Annette Lawson, consultant, policy and diversity, Abbey: Back-up care can help avoid some stresses

In October this year, Abbey became one of the first retail banks in the UK to offer back-up [also known as emergency] care to its 16,000-strong workforce. This is in marked contrast to the US, where back-up care has been a popular employee benefit across most industries for several years.

Back-up care provides employees with qualified care-givers on a temporary basis when their normal care arrangements break down. The benefit is a win-win proposition for both employees and employers. We estimate that up to 1,600 Abbey employees every year are forced to take an average of five days’ leave to provide ad-hoc care for children and dependents. That adds up to 8,000 days a year.

With an average salary of £22,000, this equates to a cost to the business of about £500,000 a year, demonstrating just how valuable the back-up care service is. For Abbey, the service, offered in partnership with My Family Care, provides a 24-hour database of contacts through which staff can source emergency childcare, out-of-school care and eldercare.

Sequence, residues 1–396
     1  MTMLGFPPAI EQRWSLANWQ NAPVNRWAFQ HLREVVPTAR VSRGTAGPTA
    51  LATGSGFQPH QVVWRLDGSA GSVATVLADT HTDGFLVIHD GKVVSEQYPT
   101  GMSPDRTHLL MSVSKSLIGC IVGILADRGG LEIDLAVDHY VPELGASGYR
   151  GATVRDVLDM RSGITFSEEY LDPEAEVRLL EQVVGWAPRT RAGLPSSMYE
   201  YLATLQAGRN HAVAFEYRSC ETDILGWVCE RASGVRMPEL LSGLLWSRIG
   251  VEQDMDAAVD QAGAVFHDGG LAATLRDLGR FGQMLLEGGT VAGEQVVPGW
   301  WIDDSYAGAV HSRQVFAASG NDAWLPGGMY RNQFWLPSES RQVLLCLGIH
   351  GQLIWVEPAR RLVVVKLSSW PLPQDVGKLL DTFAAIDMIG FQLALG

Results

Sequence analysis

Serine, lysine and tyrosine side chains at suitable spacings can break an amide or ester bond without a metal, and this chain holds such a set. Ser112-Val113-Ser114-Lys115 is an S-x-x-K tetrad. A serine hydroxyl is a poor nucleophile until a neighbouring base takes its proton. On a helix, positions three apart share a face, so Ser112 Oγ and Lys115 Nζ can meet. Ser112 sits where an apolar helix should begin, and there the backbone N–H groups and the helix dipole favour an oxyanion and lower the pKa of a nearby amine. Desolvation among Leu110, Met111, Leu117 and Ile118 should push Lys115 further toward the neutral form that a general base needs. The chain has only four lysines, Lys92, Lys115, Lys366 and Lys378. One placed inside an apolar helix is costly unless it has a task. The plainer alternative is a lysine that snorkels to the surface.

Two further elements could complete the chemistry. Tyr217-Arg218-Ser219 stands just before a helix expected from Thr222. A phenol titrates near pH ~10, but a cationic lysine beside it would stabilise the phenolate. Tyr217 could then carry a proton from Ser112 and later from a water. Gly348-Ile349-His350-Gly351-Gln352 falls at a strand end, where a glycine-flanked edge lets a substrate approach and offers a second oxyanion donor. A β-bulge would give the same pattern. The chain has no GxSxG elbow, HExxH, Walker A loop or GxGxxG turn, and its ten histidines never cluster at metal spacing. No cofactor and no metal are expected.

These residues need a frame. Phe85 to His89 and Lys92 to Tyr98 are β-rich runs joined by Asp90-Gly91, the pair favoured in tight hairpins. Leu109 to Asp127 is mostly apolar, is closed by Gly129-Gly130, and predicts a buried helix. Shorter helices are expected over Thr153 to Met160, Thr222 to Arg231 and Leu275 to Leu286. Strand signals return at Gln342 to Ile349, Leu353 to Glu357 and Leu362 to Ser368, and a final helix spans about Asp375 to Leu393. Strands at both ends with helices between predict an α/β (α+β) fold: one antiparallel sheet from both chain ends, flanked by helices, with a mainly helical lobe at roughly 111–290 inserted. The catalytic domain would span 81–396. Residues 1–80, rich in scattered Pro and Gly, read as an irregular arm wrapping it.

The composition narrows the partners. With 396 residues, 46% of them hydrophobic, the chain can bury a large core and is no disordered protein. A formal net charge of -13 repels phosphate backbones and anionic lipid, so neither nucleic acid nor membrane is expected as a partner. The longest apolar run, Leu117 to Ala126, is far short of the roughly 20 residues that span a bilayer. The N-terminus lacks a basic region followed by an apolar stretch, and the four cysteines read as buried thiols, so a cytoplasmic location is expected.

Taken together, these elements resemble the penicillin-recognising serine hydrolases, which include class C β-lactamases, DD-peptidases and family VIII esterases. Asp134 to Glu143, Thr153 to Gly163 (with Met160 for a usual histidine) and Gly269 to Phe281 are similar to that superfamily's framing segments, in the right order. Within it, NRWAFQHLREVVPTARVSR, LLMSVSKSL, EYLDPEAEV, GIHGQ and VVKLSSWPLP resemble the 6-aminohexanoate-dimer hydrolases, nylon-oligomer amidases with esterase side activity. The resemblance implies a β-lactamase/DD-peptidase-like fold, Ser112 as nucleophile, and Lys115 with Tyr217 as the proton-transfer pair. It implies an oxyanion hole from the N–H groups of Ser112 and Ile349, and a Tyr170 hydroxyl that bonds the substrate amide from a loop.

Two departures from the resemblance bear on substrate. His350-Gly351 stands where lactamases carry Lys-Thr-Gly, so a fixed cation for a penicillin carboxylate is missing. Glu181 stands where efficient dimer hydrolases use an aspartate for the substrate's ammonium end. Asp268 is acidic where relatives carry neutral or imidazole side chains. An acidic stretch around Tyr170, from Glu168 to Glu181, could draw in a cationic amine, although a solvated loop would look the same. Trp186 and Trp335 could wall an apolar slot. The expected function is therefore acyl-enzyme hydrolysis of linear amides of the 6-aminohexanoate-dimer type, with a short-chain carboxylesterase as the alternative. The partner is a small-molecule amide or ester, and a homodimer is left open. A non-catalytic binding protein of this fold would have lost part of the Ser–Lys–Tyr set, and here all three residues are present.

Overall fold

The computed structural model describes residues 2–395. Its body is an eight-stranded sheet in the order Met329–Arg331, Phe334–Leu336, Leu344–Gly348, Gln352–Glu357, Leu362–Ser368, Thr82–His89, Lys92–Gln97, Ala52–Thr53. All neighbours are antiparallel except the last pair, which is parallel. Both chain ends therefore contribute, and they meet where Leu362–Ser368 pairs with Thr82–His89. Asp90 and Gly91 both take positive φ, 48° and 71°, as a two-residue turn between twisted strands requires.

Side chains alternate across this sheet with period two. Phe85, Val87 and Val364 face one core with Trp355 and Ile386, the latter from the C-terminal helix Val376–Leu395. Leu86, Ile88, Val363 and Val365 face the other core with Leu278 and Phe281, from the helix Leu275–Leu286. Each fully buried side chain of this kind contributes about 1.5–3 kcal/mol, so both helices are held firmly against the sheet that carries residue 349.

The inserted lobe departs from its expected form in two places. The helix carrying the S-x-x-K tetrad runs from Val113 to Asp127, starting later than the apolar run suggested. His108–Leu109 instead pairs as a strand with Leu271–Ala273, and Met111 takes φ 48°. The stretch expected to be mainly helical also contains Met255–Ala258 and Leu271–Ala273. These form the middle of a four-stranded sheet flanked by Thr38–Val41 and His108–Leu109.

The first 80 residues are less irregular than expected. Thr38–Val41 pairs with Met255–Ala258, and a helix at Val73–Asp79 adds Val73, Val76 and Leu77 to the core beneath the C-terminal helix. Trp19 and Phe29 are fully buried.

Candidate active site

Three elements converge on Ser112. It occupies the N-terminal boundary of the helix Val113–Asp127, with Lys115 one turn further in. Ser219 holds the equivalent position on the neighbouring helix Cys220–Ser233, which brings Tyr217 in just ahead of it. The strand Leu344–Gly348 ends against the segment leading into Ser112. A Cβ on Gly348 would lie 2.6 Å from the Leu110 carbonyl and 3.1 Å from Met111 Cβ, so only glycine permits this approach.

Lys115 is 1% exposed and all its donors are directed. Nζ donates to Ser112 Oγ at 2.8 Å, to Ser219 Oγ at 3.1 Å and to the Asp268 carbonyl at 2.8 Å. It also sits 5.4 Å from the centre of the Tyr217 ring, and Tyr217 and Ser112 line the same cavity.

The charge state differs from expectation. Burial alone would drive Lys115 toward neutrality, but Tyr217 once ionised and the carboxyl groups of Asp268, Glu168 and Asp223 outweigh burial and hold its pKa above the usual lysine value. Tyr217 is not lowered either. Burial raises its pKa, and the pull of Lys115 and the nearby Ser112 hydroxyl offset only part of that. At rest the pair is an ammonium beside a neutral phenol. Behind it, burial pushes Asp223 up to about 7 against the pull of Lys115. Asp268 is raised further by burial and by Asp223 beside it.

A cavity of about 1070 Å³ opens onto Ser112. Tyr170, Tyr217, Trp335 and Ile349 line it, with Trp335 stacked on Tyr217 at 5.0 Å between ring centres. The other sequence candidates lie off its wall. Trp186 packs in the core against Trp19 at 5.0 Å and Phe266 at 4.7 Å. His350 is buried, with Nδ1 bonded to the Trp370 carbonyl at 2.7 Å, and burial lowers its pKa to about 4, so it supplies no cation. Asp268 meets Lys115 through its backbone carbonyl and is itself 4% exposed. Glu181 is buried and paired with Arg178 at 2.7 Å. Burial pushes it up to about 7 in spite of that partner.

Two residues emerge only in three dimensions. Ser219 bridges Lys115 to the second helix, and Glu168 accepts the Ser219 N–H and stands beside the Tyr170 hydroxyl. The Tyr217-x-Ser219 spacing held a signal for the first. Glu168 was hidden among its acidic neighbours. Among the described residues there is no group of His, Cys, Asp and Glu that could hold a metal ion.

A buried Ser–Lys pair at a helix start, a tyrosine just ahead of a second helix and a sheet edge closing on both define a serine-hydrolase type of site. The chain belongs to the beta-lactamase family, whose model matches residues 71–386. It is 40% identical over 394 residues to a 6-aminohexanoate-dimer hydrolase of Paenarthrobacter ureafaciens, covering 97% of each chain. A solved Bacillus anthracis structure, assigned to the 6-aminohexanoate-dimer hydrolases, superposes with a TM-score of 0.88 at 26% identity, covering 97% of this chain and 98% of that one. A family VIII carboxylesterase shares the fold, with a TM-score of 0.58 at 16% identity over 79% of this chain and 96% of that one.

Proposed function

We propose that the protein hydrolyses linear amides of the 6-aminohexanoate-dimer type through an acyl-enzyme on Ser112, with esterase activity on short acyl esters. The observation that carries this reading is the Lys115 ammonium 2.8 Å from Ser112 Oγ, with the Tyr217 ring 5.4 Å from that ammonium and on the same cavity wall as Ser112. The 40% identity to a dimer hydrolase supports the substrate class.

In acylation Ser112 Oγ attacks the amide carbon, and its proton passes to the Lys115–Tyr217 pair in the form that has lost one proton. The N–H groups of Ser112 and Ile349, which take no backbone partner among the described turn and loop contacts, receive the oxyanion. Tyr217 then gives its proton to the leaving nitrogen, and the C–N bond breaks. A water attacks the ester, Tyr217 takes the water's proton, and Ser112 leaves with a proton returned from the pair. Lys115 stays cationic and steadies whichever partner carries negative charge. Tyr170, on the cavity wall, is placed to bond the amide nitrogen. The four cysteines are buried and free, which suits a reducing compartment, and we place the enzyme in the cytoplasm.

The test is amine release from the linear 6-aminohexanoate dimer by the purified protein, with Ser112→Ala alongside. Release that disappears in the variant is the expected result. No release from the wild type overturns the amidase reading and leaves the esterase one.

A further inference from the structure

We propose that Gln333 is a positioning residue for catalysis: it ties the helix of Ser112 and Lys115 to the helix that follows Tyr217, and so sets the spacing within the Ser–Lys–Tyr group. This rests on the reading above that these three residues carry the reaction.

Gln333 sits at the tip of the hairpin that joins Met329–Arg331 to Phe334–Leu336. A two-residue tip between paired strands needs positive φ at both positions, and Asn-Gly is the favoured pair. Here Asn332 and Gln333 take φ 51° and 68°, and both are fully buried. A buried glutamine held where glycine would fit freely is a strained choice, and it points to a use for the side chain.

Back-up care helps address an everyday issue for working families and people with dependents. Recent research by US firm Work Options Group shows that two-thirds (68%) of HR leaders believe back-up care reduces stress among staff. Also, three-quarters (77%) of employees feel the benefit reinforces their loyalty to their employer.

A breakdown in care can be stressful for an employee to deal with. In situations where they have no back-up provision, not only do employees have to worry about a sick child or dependent, they will most likely need to take days off and can fall behind in their job as a result.

Back-up care solves this problem by reducing employees’ emotional and financial stress, the latter being of particular concern in the current economic climate. By providing backup care, the benefit can help to retain key employees, and keep them engaged and motivated so that productivity remains high.

Most often, an employee’s only option if care breaks down is to take unscheduled leave, and research has shown a clear correlation between the provision of back-up care and the reduction of unscheduled absenteeism.

Annette Lawson, consultant, policy and diversity, Abbey